Latin instruction is offered at all grade levels at Parnassus Preparatory School. Scholars begin studying Greek in the School of Rhetoric. All students take Latin every year starting in Prima through First Level Rhetoric (1R). Two years of classical languages (for current students) in the School of Rhetoric are required for graduation. We believe there are at least four solid reasons for classical language study.
Greek and Latin Develop English and Provide a Solid Foundation for the Acquisition of Other Languages
One’s reading, writing, and speaking of English is improved through learning Latin and Greek. Vocabulary is enriched, grammar is sharpened, and a sense of organization is instilled in the student. Greek and Latin equip a person with the strongest single foundation for mastering Romance languages, modern-inflected ones such as Russian and German, and even non-related tongues like Arabic, Chinese, and Japanese. Working with Latin and Greek broadens a person’s notion of structures possible in languages other than one’s own. In addition, Latin gives an individual a grip on about 80% of the vocabulary of the Romance languages — French, Italian, Portuguese, Romanian, and Spanish. About 800 million people in 57 countries speak these tongues, with Spanish being the official language of 20 nations; French of 27; and Italian, Romanian,and Portuguese of 10 other nations.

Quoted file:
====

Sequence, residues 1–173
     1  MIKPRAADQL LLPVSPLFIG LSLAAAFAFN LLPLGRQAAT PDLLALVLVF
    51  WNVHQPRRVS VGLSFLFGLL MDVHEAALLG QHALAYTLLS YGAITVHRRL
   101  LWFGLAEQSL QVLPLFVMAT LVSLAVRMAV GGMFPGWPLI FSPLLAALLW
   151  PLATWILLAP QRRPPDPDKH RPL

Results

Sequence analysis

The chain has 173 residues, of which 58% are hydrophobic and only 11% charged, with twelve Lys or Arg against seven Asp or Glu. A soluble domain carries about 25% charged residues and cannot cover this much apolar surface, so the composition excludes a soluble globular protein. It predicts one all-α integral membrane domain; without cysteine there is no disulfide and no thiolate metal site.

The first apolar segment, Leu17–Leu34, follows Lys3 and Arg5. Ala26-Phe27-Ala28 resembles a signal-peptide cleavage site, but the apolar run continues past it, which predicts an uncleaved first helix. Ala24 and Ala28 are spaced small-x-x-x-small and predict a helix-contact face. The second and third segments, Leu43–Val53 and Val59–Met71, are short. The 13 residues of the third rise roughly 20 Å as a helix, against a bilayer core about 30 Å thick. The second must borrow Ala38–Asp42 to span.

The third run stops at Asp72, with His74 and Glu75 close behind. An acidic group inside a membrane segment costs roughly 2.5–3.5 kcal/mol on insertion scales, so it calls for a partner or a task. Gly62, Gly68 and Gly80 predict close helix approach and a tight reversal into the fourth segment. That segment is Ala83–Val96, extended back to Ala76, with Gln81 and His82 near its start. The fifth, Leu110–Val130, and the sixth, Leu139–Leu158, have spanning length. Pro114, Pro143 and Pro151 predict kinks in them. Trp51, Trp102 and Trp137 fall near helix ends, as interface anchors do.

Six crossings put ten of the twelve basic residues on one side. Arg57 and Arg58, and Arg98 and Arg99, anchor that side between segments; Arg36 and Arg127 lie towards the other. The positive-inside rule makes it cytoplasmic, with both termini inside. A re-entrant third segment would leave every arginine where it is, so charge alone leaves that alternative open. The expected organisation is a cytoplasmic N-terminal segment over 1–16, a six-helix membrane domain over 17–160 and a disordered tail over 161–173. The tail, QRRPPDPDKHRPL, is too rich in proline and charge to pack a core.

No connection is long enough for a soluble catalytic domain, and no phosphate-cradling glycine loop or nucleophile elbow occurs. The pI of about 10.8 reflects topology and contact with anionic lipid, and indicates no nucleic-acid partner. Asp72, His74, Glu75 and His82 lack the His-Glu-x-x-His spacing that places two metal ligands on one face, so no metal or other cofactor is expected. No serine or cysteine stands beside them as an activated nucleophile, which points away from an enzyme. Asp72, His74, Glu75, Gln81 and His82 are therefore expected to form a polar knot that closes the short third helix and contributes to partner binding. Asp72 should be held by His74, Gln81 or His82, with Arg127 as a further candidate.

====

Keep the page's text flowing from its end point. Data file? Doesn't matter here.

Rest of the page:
The Civilizations of Greece and Rome Link Us with the Cultures of 57 Nations on Four Continents
A background in the classical civilizations makes students aware of customs, values, and ideas that we have in common with Eastern and Western Europeans and with North and South Americans. Many concepts in government, religion, art, literature, and economics are shared.
Familiarity with Ancient Cultures Promotes Tolerance and Understanding of Other Nations and Ways of Life
When one is aware of the rich and varied culture of the Greeks and Romans, one is more likely to accept the differing customs and values of other people today. This holds true because through the study of ancient civilizations, one encounters exotic and extreme customs which were not static, but evolved over the centuries. When familiar with diversity, change, and longevity in one’s own culture, a person is more inclined to respect the views, ideologies, religions, and economic systems of others and to appreciate their rich, age-old traditions.
Latin Improves College Entrance Exam Scores
Students who study Latin in high school consistently score higher on the verbal portion of the SAT college entrance exam than both students who have not studied any foreign language and students who have studied other modern foreign languages.
Studies conducted by the Educational Testing Service show that Latin students consistently outperform all other students on the verbal portion of the SAT.